The Truth about Colombus

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We humans tend to have very strategic communication skills, we can emphasize what we want our audience to focus on and de-emphasize what we want them to forget. For example, I was telling a friend of a contest that I had won but I left out a very important detail. The reason I had won was because the contestant who happened to be a lot better than me couldn't make it to the contest. Yet when I told the story it was in a way that showed me as the best even though that was far from the truth. One of the greatest "heroes" of all time is credited with the discovery of America, with large scaled bravery, and with spreading the message of salvation in Jesus Christ farther than anyone else. Yet very important details have been craftily omitted such as his slaughter of the indigenous people of America, his cowardice in taking advantage of a people that only treated him with kindness, and the spreading of diseases like Syphilis and Small Pox. Howard Zinn illustrates this exact point very well in his book "A People's History of the United States", stating that a picture has been painted of Columbus that shows him as pure, however, the artist has ignored his blemishes.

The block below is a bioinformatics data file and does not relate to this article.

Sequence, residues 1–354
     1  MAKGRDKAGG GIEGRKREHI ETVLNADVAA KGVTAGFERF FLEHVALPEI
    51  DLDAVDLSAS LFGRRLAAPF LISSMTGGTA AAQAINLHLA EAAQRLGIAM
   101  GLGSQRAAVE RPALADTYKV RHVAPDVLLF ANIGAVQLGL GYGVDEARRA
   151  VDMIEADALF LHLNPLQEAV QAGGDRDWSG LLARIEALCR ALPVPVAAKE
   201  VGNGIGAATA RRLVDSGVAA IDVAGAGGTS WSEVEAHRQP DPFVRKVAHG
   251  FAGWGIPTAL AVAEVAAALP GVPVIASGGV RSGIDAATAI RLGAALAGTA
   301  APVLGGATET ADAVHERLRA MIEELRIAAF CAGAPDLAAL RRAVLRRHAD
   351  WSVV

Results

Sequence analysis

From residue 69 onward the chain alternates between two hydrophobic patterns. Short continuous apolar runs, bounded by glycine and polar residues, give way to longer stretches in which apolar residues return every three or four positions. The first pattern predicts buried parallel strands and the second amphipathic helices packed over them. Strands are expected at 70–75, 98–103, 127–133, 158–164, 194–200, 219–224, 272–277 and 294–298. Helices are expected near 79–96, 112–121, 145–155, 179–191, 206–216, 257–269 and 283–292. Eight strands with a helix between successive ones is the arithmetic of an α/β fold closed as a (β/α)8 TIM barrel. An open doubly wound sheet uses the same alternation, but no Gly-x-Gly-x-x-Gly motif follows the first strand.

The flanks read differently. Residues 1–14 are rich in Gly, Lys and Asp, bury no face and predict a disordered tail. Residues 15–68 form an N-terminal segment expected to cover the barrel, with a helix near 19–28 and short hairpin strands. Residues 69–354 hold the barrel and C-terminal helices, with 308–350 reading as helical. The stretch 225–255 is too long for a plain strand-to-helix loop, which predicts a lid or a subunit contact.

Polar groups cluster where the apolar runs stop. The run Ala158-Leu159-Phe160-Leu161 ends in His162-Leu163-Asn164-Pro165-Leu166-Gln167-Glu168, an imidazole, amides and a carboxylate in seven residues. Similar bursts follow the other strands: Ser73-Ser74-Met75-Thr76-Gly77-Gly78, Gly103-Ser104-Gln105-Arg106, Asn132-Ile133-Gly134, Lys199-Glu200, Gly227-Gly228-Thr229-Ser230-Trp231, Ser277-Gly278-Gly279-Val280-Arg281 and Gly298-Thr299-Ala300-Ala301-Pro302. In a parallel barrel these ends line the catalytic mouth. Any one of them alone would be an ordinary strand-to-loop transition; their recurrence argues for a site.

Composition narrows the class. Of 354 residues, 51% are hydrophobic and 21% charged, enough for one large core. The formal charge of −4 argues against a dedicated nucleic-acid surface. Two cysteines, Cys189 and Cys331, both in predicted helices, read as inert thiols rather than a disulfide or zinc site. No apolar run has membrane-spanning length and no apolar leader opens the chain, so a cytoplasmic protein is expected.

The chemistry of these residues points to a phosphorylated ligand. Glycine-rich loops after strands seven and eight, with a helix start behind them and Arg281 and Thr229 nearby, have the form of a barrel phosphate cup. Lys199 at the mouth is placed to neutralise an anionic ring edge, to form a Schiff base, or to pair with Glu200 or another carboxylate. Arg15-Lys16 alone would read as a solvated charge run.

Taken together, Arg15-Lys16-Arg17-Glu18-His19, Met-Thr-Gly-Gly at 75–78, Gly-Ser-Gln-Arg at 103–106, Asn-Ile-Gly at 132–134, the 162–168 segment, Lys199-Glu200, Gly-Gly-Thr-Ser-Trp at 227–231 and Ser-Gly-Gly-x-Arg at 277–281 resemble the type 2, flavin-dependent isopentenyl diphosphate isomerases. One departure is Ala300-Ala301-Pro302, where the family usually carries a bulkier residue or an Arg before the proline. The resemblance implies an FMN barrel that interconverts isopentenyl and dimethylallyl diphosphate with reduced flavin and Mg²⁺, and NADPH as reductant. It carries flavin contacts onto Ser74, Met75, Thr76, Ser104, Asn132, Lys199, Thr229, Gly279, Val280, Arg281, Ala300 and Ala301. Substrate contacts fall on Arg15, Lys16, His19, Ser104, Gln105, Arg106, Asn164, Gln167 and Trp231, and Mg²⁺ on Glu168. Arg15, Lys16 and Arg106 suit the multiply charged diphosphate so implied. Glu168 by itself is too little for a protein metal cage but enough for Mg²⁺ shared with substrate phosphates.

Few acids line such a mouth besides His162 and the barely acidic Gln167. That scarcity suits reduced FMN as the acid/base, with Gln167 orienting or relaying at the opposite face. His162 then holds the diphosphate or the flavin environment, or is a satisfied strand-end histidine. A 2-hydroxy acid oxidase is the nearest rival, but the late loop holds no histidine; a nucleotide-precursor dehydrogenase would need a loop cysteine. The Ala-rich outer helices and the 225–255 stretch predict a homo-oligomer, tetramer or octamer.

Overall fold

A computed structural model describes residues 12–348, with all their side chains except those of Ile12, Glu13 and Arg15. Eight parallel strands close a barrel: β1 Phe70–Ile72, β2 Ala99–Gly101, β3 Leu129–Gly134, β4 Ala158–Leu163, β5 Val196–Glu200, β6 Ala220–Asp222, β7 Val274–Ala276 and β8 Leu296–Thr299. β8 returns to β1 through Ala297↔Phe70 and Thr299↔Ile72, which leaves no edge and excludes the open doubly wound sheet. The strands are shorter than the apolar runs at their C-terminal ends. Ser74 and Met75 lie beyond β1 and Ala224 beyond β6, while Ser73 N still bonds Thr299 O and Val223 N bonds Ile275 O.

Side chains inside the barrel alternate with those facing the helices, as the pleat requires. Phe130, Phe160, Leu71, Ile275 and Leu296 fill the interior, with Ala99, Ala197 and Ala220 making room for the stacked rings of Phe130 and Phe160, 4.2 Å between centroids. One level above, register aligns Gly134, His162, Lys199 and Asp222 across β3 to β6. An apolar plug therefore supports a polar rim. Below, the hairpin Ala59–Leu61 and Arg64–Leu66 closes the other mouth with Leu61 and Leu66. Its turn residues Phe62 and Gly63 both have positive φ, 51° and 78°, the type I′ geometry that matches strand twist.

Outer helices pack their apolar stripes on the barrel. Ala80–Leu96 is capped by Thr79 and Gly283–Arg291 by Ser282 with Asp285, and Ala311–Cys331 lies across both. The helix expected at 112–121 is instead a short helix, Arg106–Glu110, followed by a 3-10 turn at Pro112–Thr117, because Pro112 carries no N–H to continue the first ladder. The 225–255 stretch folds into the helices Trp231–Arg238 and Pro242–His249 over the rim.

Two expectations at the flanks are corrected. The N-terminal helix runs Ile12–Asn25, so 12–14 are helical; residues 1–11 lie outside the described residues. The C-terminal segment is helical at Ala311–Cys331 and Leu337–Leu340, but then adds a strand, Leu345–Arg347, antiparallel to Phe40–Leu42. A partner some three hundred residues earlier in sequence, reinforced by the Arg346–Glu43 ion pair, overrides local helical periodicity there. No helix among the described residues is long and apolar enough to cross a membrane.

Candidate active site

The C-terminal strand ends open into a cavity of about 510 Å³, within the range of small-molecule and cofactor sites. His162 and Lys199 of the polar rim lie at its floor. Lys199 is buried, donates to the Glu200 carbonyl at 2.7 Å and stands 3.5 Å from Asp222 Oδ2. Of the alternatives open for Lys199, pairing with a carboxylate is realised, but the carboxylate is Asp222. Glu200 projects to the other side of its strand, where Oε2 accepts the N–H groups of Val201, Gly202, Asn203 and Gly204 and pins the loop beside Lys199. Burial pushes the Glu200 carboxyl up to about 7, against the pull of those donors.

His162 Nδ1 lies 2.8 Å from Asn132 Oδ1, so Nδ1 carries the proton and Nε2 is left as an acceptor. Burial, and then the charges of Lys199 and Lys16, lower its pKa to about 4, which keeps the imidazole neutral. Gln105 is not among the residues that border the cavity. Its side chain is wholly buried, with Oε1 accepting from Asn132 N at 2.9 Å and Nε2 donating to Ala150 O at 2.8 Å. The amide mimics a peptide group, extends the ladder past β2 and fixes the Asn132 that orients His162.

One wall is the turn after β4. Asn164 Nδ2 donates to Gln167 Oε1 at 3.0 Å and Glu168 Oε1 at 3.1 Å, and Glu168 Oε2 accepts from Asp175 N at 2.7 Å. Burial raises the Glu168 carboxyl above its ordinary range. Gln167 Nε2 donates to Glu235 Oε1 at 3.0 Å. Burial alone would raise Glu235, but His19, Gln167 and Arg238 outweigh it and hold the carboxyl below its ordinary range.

Zinn believes that Columbus's voyage to the Americas was one fueled by the idea of wealth and power and upon his arrival other evils such as the idea of slavery, exploitation, and murder penetrated his heart. Armed with Columbus's journals and Bartolome Las Casas's texts Zinn proves the cruelty that possessed Columbus, Zinn quotes Columbus's journal which states "They would make fine servants...With fifty men we could subjugate them all and make them do whatever we want." Zinn believes that Columbus's life and actions have been ridiculously romanticized and that America has been celebrating the life of a mass murderer comparable to Hitler and Stalin. He states that historians have been telling the sweet little tale about Columbus sailing the ocean blue in 1492 but have been ignoring the true nature of this supposed Christian man. "He does not omit the story of mass murder..." says Zinn on Morrison ."..on one page, buried halfway into the telling of a grand romance... He mentions the truth (about Columbus committing genocide) quickly and goes on to other things more important to him." In other words, Morison tells the truth but then conceals it, in order to provide a faux placidity that diverts the reader from the horrid reality of Columbus's actions .

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